Remove renegotiation deferral logic.
When the peer or caller requests a renegotiation, OpenSSL doesn't
renegotiate immediately. It sets a flag to begin a renegotiation as soon
as record-layer read and write buffers are clear. One reason is that
OpenSSL's record layer cannot write a handshake record while an
application data record is being written. The buffer consistency checks
around partial writes will break.
None of these cases are relevant for the client auth hack. We already
require that renego come in at a quiescent part of the application
protocol by forbidding handshake/app_data interleave.
The new behavior is now: when a HelloRequest comes in, if the record
layer is not idle, the renegotiation is rejected as if
SSL_set_reject_peer_renegotiations were set. Otherwise we immediately
begin the new handshake. The server may not send any application data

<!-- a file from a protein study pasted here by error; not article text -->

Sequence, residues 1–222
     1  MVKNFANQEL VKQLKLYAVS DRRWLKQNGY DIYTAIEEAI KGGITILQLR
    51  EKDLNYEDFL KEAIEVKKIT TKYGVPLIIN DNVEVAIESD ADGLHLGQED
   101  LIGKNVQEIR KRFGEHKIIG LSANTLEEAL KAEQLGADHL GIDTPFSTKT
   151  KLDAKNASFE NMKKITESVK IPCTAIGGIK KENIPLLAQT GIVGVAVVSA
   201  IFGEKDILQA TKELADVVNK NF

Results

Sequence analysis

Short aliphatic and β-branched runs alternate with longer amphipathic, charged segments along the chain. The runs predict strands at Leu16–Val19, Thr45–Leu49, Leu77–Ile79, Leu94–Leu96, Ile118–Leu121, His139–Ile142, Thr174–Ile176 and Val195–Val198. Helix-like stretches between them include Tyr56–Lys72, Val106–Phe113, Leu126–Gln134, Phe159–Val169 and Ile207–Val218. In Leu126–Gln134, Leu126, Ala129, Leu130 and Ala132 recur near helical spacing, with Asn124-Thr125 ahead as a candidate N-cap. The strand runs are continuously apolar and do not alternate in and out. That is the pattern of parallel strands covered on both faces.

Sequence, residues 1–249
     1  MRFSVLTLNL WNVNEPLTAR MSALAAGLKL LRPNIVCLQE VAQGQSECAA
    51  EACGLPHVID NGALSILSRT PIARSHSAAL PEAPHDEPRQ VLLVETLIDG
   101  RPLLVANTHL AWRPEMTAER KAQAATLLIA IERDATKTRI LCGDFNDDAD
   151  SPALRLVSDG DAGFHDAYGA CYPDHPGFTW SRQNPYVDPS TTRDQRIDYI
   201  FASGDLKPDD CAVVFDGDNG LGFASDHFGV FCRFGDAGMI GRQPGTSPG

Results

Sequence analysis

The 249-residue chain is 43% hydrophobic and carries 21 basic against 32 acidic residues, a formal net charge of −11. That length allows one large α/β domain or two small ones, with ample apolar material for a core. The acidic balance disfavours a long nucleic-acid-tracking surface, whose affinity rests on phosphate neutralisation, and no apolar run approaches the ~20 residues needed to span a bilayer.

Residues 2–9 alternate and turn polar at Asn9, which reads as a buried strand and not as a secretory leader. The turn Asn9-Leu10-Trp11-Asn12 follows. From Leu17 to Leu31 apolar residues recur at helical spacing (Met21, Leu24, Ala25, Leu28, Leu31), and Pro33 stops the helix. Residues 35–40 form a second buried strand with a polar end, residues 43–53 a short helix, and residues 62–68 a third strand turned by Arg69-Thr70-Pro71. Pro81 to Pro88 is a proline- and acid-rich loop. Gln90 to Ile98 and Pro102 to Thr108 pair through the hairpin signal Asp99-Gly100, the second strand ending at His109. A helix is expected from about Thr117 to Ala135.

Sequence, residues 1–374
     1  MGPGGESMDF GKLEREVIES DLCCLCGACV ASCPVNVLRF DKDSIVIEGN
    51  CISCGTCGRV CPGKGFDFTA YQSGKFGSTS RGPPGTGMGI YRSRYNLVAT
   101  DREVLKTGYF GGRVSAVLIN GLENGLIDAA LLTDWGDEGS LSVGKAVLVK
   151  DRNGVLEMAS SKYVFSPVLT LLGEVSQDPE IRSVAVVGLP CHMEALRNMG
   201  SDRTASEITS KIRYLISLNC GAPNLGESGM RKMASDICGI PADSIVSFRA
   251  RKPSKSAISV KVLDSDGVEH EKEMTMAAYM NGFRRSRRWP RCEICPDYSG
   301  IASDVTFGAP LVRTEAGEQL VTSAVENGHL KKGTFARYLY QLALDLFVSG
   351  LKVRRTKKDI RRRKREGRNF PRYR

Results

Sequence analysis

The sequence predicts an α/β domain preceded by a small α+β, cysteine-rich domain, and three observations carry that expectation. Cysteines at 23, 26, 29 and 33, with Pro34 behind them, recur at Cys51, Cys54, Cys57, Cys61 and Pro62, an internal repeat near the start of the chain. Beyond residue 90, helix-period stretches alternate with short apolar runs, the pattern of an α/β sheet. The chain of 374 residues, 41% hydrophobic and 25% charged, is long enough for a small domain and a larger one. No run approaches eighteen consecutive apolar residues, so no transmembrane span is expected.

between HelloRequest and completing the handshake. The HelloRequest may
not be consumed if an SSL_write is pending.
Note this does require that Chromium's HTTP stack not attempt to read
the HTTP response until the request has been written, but the
renegotiation logic already assumes it. Were Chromium to drive the
SSL_read state machine early and the server, say, sent a HelloRequest
after reading the request headers but before we've sent the whole POST
body, the SSL state machine may racily enter renegotiate early, block
writing the POST body on the new handshake, which would break Chromium's
Reviewed-by: Adam Langley <email@example.com>
5 files changed